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Cheese Board and Biscuits


I can think of nothing on a plate that deliver's such a wide variety of tastes and textures that requires absolutely no work, just a bit of planning and shopping.

A Bit Of History

No one has been able to tell me the history of cheese but the story must go someone like this. There was this bloke transporting some milk in a container made from an animals stomach, On his journey he stopped at an inn for a glass of refreshment or 7 leaving the milk in the sun for to long, and I am sure you can guess the next bit and what his wife has to say about this, but to me this sounds quite plausible if not very palatable!.

So we have another one of those foods that predates history, but man being the clever little devil that he is has taken the basic product and developed a huge array of cheeses to suit all tastes. The biscuit is also the result of mans creativity. You see at some point we were off discovering the world, now >this was tough work and we needed to take some carbohydrate based food with to give us plenty of energy. The problem was, that this food needed to stay edable and not give us food poisoning, corn that was baked into a dry slab was just the ticket, so a biscuit was born. Again we have developed it beyond recognition to some would say an art form, and today we find biscuits in every culture and for every occasion.

What Wine?
What wine? Well just about anything that takes your fancy, I don’t think there are any hard or fast rules here and everyone will tell you something different, and perhaps it depends on the cheese you are eating.  However for me I cannot think of a better reason to crack open a bottle of Port. Or should I say "South African Fortified Wine".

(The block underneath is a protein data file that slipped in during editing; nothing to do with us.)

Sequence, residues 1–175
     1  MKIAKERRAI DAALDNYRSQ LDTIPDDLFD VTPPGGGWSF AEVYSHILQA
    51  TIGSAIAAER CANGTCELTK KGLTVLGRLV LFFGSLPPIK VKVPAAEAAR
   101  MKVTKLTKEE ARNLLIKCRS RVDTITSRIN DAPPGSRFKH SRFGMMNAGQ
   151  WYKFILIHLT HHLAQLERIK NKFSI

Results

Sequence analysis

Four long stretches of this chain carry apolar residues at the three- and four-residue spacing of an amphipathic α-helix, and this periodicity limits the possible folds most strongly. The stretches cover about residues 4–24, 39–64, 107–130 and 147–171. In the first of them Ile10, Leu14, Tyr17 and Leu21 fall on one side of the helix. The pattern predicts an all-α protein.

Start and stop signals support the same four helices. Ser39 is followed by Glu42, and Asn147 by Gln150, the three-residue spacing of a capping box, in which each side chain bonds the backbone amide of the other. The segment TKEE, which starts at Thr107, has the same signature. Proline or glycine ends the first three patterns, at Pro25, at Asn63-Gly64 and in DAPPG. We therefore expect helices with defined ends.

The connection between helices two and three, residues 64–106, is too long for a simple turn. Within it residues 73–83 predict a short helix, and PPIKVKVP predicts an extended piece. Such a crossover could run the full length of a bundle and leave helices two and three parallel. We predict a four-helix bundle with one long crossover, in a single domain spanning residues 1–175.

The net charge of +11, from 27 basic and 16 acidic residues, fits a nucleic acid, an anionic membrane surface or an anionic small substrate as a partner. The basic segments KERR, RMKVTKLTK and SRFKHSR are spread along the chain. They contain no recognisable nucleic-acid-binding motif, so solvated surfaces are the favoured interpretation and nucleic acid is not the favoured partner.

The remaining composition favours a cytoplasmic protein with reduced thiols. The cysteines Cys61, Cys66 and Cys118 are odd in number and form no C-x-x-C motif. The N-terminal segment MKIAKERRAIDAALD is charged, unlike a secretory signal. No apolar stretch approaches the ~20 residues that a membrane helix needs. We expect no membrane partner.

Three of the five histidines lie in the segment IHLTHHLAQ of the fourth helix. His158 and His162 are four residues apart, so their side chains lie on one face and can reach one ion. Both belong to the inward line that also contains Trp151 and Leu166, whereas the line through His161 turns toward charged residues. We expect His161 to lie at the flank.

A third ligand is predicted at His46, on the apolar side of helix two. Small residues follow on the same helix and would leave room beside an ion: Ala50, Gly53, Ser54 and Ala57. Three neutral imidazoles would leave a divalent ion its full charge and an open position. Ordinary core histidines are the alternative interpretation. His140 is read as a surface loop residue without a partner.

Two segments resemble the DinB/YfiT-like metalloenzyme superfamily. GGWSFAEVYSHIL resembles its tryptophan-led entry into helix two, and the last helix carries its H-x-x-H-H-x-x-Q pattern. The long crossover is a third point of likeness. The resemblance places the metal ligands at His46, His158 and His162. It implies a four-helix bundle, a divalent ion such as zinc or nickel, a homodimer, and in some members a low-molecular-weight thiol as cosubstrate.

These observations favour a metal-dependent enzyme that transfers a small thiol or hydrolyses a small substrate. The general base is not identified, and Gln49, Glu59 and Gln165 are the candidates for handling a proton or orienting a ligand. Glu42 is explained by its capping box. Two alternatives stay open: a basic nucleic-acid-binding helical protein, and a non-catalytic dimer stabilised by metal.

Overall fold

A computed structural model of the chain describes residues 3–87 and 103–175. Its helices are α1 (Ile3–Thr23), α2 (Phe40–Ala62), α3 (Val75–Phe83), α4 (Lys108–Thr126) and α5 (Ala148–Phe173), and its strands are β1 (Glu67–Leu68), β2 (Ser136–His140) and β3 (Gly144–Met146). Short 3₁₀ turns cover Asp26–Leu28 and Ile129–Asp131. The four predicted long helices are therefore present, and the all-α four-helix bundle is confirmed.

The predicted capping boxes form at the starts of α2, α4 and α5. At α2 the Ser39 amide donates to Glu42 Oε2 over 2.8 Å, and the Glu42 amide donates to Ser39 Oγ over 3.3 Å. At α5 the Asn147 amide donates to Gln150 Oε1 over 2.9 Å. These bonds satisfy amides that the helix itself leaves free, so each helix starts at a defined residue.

Stock Ingredients

  • Whole Wheat Biscuits. 
  • Savoury Biscuits.

  • If you have a few nuts lying around they will also add to the occasion.

Shopping List

    Grapes or Melon.

      A Sweet Fig Preserve.

        The Cheese.

          It's a bit difficult for me to give a definite shopping list, as the array of cheeses are so diverse and peoples tastes are just as wide, but I can recommend the following and I have narrowed it down to three types and you must serve all three on the board together.

          Firstly a cream cheese that can be one of two, a Brie or a Camembert they are both soft creamy cheeses that have a soft rind coating, that must be eaten. They are both French but from different provinces Brie from Normandy and Camembert  Île-de-France. They have quite delicate flavours and sometime it's difficult to tell them apart.

          Secondly a mature Cheddar, it’s quite firm and normally has a slight yellow colour to it. It’s English from the county of Somerset, Home Sweet Home for me and my dad would not touch any other cheese. The more mature the cheese gets the stronger and sharper the taste becomes. It’s one of those cheeses that’s quite easy to remember the taste of and anything left over is perfect to make a cheese sauce with or pop into a salad.

          Lastly a Blue, not everyone favourite but if you like strong cheese you just love it. Roquefort, Gorgonzola and Stilton are three that come to mind and the names refer to the area they come from. Ok the under age and squeamish should now turn off, yes the blue specks or vanes in the cheese are caused by bacteria and yes they have been deliberately put there. They give the cheese its distinctive taste and smell that can be a bit like stinky feet! As with the Cheddar anything left on the plate the following day will not go to waste, anyone herd of a Roquefort Salad?

          And This is What You Do!


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